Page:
Presents a rich and contextualized study of the inextricably entangled lives of the enslaved, free Black people, and white landowners.
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Latino Orlando portrays the experiences of first- and second-generation immigrants who have come to the Orlando metropolitan area from Puerto Rico, Cuba, Mexico, Venezuela, Colombia, and other Latin American countries. While much research on immigration focuses on urban destinations, Simone Delerme delves into a middle- and upper-class suburban context, highlighting the profound demographic and cultural transformation of an overlooked immigrant hub.
This volume provides a hemispheric view of the practice of digital humanities in the Spanish- and Portuguese-speaking Americas. These essays examine how participation and research in new media have helped configure new identities and collectivities in the region.
Challenging the common view that Latin America has lagged behind Europe and North America in the global history of science, this volume reveals that the region has long been a center for scientific innovation and imagination. It highlights the important relationship between science, politics, and culture in Latin American history.
In the first history of Spanish-language television in the United States, Craig Allen traces the development of two prominent yet little-studied powerhouses, Univision and Telemundo. Allen tells the inside story of how these networks fought enormous odds to rise as giants of mass communication, questioning monolingual and Anglo-centered versions of U.S. television history.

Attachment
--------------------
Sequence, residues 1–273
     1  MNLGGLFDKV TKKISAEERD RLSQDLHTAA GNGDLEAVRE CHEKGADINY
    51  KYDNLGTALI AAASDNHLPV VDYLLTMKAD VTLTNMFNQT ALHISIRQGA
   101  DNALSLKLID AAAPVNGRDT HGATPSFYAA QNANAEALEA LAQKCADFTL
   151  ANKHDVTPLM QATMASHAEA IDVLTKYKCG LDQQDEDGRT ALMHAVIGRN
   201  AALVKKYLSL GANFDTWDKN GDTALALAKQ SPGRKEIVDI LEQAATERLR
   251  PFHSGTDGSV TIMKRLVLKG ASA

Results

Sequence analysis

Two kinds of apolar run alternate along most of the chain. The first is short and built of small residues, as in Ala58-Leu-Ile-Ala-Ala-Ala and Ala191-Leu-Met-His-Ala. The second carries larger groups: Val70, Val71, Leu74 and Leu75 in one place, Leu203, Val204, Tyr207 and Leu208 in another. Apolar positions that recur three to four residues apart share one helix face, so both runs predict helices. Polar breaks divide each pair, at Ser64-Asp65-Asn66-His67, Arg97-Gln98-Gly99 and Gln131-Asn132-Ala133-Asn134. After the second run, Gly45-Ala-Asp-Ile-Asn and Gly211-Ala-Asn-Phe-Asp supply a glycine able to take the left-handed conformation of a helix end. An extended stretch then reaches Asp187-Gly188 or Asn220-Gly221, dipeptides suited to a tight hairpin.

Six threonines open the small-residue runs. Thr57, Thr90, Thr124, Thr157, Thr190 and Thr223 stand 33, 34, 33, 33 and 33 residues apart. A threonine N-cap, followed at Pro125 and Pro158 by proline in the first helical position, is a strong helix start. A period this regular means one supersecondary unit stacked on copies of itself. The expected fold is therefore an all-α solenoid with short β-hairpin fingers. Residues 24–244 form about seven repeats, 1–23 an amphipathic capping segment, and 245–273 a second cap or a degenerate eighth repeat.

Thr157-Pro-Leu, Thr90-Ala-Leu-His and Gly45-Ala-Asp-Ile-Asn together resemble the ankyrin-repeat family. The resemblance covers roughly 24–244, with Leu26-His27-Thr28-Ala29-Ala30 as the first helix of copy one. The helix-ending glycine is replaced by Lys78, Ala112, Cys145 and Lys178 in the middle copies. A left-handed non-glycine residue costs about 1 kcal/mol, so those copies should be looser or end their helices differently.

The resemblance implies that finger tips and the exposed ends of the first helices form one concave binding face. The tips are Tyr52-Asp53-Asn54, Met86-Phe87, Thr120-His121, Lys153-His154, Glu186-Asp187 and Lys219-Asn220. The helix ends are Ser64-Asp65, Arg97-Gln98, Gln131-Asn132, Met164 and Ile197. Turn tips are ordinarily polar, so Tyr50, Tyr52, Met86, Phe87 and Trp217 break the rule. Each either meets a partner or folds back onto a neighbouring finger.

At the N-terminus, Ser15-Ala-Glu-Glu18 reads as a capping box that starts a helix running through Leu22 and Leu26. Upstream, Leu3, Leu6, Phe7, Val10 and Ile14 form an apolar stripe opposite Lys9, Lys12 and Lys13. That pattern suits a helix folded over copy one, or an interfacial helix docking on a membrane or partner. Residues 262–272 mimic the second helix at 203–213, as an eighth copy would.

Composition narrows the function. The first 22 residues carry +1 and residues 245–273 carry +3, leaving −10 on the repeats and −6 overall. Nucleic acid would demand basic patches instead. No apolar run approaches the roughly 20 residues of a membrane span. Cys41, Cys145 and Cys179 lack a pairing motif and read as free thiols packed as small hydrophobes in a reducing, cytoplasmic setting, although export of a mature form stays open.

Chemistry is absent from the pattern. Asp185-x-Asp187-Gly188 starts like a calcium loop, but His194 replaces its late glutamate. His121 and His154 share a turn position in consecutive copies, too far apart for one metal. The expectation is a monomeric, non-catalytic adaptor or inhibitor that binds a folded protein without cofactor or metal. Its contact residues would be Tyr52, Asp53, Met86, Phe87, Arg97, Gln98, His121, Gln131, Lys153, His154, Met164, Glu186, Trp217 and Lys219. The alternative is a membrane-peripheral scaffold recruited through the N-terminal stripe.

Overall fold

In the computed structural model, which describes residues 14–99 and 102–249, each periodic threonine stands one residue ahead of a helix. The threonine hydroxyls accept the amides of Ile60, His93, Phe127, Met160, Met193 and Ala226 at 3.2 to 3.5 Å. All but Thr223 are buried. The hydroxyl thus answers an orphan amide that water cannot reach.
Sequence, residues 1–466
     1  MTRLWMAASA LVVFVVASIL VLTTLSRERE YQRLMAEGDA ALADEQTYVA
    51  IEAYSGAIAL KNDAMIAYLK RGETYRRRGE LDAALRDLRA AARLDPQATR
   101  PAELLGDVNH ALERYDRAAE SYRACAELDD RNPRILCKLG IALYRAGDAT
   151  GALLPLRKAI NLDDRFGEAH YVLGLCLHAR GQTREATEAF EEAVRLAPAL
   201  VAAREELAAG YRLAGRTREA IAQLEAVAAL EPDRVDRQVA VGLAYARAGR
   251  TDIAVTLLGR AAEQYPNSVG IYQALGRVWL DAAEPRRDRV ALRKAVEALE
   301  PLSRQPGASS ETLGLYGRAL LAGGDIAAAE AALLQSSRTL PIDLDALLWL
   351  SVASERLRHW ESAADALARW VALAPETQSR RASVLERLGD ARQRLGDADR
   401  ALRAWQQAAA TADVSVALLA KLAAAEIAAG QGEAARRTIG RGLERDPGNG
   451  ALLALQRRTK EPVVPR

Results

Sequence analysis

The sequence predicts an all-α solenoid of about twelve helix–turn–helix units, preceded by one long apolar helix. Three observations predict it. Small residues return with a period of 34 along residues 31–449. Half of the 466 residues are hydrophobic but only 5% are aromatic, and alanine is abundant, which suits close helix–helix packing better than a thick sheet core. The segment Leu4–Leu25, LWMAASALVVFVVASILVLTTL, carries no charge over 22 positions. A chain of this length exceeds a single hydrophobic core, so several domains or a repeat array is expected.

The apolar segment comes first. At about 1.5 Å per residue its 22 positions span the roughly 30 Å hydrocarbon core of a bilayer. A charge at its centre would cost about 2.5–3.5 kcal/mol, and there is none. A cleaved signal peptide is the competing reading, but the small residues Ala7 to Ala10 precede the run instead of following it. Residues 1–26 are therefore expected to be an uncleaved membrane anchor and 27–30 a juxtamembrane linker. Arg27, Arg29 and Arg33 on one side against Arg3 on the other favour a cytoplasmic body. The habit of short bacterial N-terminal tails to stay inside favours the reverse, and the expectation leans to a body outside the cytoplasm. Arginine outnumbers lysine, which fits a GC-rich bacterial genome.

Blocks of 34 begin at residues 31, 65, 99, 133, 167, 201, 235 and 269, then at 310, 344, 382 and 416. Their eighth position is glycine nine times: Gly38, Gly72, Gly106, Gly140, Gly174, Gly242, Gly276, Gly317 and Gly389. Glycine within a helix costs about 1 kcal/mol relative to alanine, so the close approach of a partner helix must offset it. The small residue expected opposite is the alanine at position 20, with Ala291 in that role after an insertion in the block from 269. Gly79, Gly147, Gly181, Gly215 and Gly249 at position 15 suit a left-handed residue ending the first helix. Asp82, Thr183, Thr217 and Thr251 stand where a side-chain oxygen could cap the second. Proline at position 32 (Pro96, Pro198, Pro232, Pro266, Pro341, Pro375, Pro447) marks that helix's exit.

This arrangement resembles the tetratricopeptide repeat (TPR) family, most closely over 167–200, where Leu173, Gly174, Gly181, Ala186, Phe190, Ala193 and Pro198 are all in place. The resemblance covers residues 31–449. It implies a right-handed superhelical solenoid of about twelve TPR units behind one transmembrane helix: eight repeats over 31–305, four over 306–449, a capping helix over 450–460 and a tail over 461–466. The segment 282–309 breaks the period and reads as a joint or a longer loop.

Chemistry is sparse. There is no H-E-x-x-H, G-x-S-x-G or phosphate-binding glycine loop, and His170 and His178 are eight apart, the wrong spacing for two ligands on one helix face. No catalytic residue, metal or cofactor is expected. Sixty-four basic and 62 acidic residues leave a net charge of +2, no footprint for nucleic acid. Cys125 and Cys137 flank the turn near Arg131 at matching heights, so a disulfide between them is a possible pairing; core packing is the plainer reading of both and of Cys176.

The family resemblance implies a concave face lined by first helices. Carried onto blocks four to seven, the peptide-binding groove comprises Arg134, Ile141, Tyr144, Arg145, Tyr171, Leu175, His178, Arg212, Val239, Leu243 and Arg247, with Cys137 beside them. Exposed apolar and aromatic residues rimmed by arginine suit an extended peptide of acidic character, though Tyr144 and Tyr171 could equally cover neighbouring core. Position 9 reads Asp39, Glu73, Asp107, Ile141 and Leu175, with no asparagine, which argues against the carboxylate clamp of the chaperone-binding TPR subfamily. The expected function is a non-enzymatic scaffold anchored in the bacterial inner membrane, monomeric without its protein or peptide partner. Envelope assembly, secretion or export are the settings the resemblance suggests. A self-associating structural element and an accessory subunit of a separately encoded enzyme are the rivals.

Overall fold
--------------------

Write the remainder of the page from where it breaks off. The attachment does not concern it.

Countering assumptions that the West African colony of Liberia was an endpoint in the journeys of the free people of color who traveled there, Robert Murray reveals that many Liberian settlers returned repeatedly to the United States, and he explores the ways this movement shaped the construction of race in the Atlantic world.
In this fascinating journey through the natural and cultural history of the palmetto, Jono Miller offers surprising facts and dispels common myths about an important native plant that remains largely misunderstood.
In the first book to focus on the activism of Black women during Cuba’s prerevolutionary period, Takkara Brunson discusses how these women battled exclusion on multiple fronts but played an important role in forging a modern democracy.
This volume provides guidance on teaching about Haiti’s history and culture from a multidisciplinary perspective, offering ways of reshaping old narratives through women’s and gender studies, poetry, theater, art, religion, language, politics, history, and popular culture.
This book details how African American women used lessons in basic literacy to crack the foundation of white supremacy and sow seeds for collective action during the civil rights movement.